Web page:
How does enzyme work?
Enzymes are biomolecules and they speed up reactions by decreasing the rate of a chemical reaction. Enzymes will not alter reaction equilibrium but decrease rate of the chemical reaction by decreasing the free energy of activation. Enzymes work by facilitating and accelerating chemical reactions in living organisms. They achieve this by lowering the activation energy required for a reaction to occur, making it easier for the reaction to proceed. To know more please watch the below-embedded video.
Mechanism of enzyme action
There are two theories or models or hypotheses for the mechanism of enzyme action. The first theory proposed by Emil Fisher, known as lock and key model or rigid template model or Fisher model and the second one is the induced fit model or hand-in-glove model or Koshland model proposed by Daniel E Koshland.
The mechanism of enzyme action involves several steps and interactions between the enzyme, substrate, and catalytic residues within the active site. The general mechanism can be described as follows:
- Substrate Binding: The enzyme and substrate molecules come together, and the substrate binds to the enzyme’s active site through non-covalent interactions such as hydrogen bonding, electrostatic interactions, and hydrophobic interactions. This binding is specific and relies on the complementary shapes and chemical properties of the active site and substrate.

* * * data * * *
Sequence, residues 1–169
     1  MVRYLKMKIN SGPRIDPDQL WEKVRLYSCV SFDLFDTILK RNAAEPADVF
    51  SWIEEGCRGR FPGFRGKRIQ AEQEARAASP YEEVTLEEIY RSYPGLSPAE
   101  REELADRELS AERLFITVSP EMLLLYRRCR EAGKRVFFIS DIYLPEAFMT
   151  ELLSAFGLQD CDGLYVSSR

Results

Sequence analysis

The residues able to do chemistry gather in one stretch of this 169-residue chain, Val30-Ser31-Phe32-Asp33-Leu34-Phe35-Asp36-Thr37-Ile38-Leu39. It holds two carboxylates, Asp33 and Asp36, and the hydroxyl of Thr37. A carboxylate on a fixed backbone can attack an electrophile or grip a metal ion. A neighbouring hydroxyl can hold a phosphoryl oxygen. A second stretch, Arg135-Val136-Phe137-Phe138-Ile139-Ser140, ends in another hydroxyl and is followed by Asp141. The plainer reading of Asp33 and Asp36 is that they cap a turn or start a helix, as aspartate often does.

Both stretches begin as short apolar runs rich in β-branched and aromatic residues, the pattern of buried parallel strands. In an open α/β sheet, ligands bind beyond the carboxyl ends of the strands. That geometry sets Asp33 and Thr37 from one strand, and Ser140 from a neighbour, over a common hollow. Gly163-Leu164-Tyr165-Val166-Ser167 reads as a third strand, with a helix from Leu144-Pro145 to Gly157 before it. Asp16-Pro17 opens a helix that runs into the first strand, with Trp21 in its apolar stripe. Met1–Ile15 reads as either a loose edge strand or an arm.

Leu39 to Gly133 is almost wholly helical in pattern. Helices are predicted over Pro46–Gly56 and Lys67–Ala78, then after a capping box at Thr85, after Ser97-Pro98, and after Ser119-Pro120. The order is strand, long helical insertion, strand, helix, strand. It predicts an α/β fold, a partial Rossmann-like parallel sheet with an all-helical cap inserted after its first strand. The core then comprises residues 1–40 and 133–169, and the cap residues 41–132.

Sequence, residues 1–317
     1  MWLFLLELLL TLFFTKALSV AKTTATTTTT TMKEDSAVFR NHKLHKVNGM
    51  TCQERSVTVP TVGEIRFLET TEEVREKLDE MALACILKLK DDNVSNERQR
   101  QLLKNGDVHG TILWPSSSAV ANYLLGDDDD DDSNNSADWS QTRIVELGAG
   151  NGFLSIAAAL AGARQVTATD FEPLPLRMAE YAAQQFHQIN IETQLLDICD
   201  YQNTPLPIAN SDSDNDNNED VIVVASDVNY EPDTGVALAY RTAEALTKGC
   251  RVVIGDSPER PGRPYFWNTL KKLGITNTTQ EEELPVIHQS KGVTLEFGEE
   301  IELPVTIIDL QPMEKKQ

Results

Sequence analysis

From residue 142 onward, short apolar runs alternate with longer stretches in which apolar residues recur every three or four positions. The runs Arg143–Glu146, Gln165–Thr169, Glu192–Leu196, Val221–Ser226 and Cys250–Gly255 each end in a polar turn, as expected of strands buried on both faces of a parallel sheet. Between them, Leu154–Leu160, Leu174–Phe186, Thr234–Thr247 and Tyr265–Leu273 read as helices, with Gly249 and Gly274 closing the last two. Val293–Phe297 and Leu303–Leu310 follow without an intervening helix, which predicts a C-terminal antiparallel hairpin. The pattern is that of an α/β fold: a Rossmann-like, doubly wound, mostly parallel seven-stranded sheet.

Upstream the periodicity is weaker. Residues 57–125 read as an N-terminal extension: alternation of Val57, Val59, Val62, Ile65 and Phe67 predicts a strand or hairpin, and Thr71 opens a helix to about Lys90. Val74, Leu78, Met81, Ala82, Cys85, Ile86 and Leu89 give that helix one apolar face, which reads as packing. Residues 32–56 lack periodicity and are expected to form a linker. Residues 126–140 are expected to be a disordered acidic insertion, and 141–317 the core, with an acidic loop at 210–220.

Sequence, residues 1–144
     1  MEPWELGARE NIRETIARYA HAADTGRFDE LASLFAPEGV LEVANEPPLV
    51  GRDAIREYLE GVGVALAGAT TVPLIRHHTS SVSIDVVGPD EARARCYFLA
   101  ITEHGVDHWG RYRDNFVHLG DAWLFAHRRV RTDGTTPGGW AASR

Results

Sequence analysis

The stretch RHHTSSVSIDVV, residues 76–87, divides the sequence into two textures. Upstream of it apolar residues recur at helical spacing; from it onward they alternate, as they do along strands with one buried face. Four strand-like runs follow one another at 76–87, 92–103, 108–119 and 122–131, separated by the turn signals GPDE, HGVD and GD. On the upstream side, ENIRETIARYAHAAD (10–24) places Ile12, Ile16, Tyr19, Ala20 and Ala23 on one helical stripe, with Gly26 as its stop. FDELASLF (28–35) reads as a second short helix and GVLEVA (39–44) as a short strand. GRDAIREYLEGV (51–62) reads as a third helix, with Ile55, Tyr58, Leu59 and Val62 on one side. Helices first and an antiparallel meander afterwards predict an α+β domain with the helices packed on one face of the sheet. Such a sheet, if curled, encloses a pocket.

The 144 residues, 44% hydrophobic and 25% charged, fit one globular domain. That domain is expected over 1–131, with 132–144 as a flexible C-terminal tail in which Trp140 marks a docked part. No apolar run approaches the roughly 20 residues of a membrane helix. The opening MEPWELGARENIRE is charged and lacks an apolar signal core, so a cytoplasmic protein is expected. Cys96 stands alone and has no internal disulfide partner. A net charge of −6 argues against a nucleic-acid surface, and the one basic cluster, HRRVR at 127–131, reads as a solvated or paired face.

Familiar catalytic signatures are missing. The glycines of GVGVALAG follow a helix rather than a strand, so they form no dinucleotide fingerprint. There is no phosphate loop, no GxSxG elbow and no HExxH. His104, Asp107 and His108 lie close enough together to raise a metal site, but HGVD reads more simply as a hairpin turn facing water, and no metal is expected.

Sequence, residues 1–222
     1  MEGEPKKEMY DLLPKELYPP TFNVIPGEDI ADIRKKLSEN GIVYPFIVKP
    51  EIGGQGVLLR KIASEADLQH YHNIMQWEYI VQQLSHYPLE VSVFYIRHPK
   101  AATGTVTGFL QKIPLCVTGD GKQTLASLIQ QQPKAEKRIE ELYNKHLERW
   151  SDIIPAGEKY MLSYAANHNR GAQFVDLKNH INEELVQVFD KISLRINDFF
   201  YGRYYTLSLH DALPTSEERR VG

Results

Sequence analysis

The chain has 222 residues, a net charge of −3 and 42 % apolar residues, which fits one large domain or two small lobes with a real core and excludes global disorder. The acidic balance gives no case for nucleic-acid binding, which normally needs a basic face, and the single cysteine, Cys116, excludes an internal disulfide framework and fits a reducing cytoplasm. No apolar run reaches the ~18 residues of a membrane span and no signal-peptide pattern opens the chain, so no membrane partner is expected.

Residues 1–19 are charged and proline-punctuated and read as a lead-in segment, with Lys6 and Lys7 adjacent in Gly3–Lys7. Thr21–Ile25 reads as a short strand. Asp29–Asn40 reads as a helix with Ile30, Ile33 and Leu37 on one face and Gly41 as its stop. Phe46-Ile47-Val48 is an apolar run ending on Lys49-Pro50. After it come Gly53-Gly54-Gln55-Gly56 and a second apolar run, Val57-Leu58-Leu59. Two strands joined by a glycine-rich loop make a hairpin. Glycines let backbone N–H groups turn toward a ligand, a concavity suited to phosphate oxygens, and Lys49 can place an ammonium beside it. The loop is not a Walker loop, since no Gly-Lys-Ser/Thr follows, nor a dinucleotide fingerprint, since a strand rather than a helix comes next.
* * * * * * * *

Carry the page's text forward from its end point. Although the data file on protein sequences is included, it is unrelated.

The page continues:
- Formation of the Enzyme-Substrate Complex: The binding of the substrate to the enzyme’s active site leads to the formation of the enzyme-substrate complex. This complex brings the substrate molecules in close proximity, facilitating the reaction.
- Transition State Formation: Within the active site, the enzyme interacts with the bound substrate to stabilize the transition state. The transition state is the high-energy intermediate state that must be reached for the reaction to occur. The enzyme achieves this by precisely positioning the substrate and using catalytic residues within the active site to facilitate the necessary chemical transformations.